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Why in news?

  • States such as Madhya Pradesh, Uttar Pradesh and Gujrat have scrapped Labour laws as a move to bring about reforms to attract new investors who are looking to exit from China.
  • Employers’ associations have urged the central government to do away with most labour rights to address temporary labour shortages.
  • The abrogation of labour laws raises many constitutional and political questions.

Click Here to read all about Labour Laws in India and the recent Labour Law reforms

Deterring Worker Retention

  • Income support to workers to retain them in their places of work has been lacking.
  • Migrant labour will be critical to restore production once the lockdown is lifted.
  • Instead of encouraging workers to stay back or return to cities by ensuring livelihood support and safety nets, State governments have sought to strip workers of their fundamental rights, which will deter them from considering to continue working.

This is the time to Provide Income Support and Restore Job

  • There are no inherent shortages at the moment as the inflation rate remains moderate.
  • Agricultural produce is rotting in farms for lack of transport.
  • Industrial production is held up as migrant workers have fled for their lives.
  • The slowdown is due to lack of demand, not of supply, as widely suggested.
  • With massive job and income losses after the lockdown, aggregate demand has totally slumped, with practically no growth.
  • Therefore, the way to restart the economy is to provide income support and restore jobs.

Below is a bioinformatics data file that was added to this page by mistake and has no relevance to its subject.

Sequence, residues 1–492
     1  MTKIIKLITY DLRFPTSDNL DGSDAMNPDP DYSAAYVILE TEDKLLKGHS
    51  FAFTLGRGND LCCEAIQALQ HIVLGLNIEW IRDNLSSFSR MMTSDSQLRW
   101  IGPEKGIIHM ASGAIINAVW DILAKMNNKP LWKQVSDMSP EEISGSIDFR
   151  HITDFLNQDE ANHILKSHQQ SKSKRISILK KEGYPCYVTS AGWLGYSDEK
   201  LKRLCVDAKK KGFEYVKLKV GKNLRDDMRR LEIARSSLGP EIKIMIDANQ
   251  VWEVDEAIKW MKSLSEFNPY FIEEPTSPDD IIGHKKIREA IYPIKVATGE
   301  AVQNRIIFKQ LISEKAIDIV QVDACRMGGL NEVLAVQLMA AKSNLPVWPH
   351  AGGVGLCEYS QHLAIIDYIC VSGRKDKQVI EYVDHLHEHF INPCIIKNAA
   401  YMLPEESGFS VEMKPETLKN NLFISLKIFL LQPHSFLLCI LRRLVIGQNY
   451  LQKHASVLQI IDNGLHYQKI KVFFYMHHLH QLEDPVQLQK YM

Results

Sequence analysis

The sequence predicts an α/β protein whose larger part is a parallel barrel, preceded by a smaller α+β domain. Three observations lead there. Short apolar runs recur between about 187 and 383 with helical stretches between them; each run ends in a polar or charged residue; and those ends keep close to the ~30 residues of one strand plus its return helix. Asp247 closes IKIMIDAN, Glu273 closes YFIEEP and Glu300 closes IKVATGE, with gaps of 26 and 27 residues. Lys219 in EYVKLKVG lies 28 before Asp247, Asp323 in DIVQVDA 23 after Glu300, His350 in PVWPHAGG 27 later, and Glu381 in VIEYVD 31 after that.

• This will not only address the humanitarian crisis but also help revive consumer demand by augmenting incomes.

What will be the effect of scrapping labour laws?

  • Scrapping labour laws to save on labour costs will actually reduce wages, lower earnings (particularly of low wage workers) and reduce consumer demand.
  • Further, it will lead to an increase of low paid work that offers no security of tenure or income stability.
  • Presently, over 90% of India’s workforce is in informal jobs, with no regulations for decent conditions of work, no provision for social security and no protection against any contingencies and arbitrary actions of employers.
  • Abrogation of labour laws will free more employers from the Formal sector obligations they currently hold for ensuring the job security, health, and social protection of their workers.
  • It will increase informal employment in the formal sector instead of encouraging the growth of formal work.

Way Forward

  • Surely, India’s complex web of labour laws, with around 47 central laws and 200 State laws, need rationalisation.
  • However, now more than ever before, reforms need to maintain a delicate balance between the need for firms to adapt to ever-changing market conditions and workers’ employment security.

-Source: The Hindu

November 2023